Other than that, I fully agree with you and Brook that choice is a good thing for customers, and that you’ve done an awesome job at clarifying the different approaches to multi-hop FCoE or even to what can be understood by the term multi-hop.

  8. Hi Brook,

    I appreciate you providing some clarification on both Chip’s comments as well as your own. Having read through both pieces, it’s entirely possible (even probable 🙂 that I may miss some of the goals of what Brocade’s strategy about Ethernet/Converged Fabrics are, and what they mean.

    Part of the confusion (for me) comes from some of the criticism I read in your (yours and Chip’s) that entertain what “some people/vendors” are saying, but without attribution to any specific claim or link. Sadly this means that I have to try to fill in the blanks.

    The good news here is that we both agree that customer choice is a good thing, locking down deployments based upon technology *types* is one of the things that we are trying to avoid through this new technology. It appears we also agree that your examples of “acceptable loss” within a data stream.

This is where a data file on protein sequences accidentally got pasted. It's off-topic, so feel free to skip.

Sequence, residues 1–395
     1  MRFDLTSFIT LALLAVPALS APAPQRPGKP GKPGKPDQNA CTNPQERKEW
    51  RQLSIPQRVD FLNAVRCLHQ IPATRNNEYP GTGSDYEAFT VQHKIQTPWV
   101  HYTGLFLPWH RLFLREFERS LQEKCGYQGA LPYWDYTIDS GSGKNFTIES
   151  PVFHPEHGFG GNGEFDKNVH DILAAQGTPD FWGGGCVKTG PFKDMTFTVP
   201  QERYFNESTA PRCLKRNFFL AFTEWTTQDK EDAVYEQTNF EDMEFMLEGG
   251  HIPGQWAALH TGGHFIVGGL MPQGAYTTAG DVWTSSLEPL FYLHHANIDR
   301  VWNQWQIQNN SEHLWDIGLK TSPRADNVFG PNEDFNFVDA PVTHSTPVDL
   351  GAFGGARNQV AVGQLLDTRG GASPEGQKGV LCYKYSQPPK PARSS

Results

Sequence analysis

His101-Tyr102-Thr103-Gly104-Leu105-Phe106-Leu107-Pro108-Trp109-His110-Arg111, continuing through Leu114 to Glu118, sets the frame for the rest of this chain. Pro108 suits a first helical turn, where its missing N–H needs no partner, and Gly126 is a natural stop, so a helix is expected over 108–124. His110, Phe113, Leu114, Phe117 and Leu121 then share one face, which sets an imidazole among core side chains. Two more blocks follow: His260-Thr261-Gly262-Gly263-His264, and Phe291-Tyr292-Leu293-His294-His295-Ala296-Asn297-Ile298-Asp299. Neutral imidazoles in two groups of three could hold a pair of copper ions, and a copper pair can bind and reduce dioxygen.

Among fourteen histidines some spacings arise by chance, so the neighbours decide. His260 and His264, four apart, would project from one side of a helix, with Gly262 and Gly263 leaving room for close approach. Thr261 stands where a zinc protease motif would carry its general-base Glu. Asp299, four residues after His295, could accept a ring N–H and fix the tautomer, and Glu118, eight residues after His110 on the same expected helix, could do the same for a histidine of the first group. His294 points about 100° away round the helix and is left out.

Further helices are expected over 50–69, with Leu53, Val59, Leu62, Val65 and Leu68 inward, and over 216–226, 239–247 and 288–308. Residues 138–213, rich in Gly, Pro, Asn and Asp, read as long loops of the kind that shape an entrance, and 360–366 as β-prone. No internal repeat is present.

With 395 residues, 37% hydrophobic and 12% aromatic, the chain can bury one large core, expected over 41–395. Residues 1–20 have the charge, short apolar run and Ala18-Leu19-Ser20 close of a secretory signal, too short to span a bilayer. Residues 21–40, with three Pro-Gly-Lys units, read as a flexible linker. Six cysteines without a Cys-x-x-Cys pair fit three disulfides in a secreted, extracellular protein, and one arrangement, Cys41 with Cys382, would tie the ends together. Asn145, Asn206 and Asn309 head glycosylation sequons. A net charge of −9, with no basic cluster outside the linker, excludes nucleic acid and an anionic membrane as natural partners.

What’s not clear to me in what you write, however, is how the implementation of an “air gap fabric” on Ethernet side as described on your community forums and blogs actually works in practice.

    See, in order to run multiple DCB lossless Ethernet switches in a row, the element of SAN A/B separation prevents the visibility for the SAN admin into the traffic flow (as described here). As you point out, it’s of critical important to storage administrators, but it’s also one of the main PITAs when designing SANs (let’s face it!). Meanwhile, the same source hosts do not have that separation, or “air gaps” on the Ethernet side.